Peter’s Basilica, 46, 156, 240 saints, 10, 15, 93, 129 see also specific saints Salutati, Coluccio, 120, 122–26, 130, 131, 134, 135, 214, 289n Sammonicus Serenus, Quintus, 60–61 Samos, 72–73 San Clemente basilica, 90 San Marco convent, 110, 290n Santa Croce basilica, 111, 217, 218 Santa Maria del Carmine church, 111 Santa Maria Novella church, 110 Santayana, George, 186 Santo Spirito church, 111 satire, 138–41, 233–36 satyrs, 63, 195 Savonarola, Girolamo, 219–21, 252 Scaevola, Mucius, 295n Schaffhausen, 170, 174 Schofield, Michael, 277n School of Athens (Raphael), 252 schools, 28, 59, 91, 104, 151, 211, 226 science, 8, 59, 60–61, 71, 73–75, 87, 239, 253, 254–57, 261–63 Scipio, 274n scribes (scribae), 17–18, 32–33, 35, 37–41, 47, 49, 50, 84–86, 88, 109, 112–16, 121, 130, 133–34, 135, 152, 154, 155–56, 173–77, 179, 206, 296n script, 38, 84, 121, 130 scriptoria, 38–41, 109 scrolls, 39–40, 89 sculpture, 9, 104, 129 secretarius domesticus (apostolic secretary), 141–42, 154, 155–58, 161, 170, 180, 181, 205–15, 221, 224, 269n self-discipline, 6, 28, 37, 41, 77, 78–79, 94–97, 104–9, 195, 228, 244, 285n–86n Seneca, 43, 77 Septuagint, 88 Serapeon, 88, 89, 90, 280n–81n Serenus, Septimus, 272n Severus, Cornelius, 23–24 sexual intercourse, 99–100, 109, 143–44, 197–98, 247 sexuality, 1–2, 75–78, 99–100, 109, 143–44, 147, 166, 197–98, 247 Shakespeare, William, 3, 9, 75, 76, 77, 206, 233, 242–43 sheep, 40, 42, 156 shepherds, 68–69 “Should an Old Man Marry?”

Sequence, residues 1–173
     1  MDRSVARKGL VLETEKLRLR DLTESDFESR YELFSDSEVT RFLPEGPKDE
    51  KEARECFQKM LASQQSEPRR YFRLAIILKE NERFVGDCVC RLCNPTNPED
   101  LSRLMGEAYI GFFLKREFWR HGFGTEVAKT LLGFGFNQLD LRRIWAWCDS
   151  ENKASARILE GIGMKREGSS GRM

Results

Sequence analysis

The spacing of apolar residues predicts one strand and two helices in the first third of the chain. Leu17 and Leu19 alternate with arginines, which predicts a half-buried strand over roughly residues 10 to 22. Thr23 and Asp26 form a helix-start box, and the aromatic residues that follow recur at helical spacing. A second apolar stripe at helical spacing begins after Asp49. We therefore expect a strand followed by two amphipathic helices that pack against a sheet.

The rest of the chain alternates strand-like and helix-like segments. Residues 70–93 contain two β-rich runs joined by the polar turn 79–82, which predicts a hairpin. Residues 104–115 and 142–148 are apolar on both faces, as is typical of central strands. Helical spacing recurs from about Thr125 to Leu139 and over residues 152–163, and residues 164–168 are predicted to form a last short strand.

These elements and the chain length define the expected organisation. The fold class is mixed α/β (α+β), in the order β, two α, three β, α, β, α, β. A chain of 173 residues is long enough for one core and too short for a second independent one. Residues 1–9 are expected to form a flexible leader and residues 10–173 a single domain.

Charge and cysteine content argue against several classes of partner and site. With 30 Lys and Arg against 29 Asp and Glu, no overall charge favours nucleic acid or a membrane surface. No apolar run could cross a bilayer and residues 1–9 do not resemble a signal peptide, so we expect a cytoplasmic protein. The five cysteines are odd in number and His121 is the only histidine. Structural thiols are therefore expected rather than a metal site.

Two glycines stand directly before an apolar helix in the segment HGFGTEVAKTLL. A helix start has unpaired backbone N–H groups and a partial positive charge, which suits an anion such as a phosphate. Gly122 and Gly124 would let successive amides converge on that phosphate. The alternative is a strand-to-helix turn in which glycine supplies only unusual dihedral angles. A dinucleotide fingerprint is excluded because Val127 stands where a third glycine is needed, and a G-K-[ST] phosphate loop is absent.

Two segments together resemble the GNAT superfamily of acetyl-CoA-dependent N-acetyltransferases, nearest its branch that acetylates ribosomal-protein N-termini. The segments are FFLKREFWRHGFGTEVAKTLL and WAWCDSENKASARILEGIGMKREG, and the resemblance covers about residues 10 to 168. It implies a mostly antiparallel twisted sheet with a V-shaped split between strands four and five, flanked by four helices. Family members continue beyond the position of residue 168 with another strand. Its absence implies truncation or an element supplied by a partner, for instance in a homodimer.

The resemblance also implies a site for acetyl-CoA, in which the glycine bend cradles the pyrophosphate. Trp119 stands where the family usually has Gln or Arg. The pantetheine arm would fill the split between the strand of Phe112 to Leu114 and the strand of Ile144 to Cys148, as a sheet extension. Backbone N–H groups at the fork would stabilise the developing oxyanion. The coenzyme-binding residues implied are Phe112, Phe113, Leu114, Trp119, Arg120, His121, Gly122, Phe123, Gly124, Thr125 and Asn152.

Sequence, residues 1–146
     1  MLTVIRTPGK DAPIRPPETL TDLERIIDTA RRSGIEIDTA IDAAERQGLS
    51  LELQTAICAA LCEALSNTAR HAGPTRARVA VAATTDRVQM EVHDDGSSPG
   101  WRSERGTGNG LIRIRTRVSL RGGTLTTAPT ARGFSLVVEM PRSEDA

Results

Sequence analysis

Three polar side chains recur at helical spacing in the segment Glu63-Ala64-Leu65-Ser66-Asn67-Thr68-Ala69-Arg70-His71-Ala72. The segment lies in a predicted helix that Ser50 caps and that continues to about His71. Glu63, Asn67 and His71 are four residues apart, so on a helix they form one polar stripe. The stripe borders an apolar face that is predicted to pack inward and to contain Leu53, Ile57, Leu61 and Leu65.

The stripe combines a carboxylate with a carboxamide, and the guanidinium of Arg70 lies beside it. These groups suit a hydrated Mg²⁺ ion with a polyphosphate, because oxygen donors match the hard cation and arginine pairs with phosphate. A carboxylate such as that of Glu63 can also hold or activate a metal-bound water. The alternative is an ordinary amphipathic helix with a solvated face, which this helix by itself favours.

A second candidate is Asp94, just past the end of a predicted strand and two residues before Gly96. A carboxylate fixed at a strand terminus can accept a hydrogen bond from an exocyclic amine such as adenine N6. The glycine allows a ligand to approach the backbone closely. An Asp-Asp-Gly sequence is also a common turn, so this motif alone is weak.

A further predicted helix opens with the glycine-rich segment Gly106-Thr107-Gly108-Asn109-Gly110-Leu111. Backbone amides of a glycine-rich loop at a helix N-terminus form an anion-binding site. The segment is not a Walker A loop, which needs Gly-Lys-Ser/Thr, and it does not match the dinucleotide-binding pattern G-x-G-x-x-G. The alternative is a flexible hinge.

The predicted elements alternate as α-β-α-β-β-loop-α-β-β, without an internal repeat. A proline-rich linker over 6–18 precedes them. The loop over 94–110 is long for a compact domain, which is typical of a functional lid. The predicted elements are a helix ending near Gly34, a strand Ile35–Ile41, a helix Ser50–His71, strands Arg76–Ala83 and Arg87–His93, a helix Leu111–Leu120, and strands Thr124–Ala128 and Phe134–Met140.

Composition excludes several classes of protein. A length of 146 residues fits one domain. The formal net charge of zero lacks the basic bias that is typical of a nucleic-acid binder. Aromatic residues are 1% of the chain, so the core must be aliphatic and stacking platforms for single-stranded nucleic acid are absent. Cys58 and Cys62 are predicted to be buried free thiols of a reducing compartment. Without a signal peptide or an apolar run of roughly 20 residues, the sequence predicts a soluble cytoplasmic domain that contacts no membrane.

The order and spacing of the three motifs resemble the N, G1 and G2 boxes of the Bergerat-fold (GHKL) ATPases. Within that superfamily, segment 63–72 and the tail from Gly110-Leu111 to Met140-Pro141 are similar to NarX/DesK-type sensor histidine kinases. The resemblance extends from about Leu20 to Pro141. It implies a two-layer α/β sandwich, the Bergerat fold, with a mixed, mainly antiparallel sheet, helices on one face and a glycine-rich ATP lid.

pages: 410 words: 106,931

Age of Anger: A History of the Present by Pankaj Mishra

anti-communist, Asian financial crisis, Ayatollah Khomeini, Berlin Wall, British Empire, colonial rule, continuation of politics by other means, creative destruction, Donald Trump, Edward Snowden, Fall of the Berlin Wall, Fellow of the Royal Society, Francis Fukuyama: the end of history, George Santayana, global village, Gunnar Myrdal, informal economy, invisible hand, liberal capitalism, Mahatma Gandhi, Marshall McLuhan, Martin Wolf, mass immigration, Nelson Mandela, Peter Thiel, Philip Mirowski, planetary scale, Plutocrats, plutocrats, precariat, Republic of Letters, Scientific racism, Silicon Valley, smart cities, Snapchat, stem cell, the scientific method, The Wealth of Nations by Adam Smith, trade route, traveling salesman, urban planning, Vilfredo Pareto, wage slave, women in the workforce, zero-sum game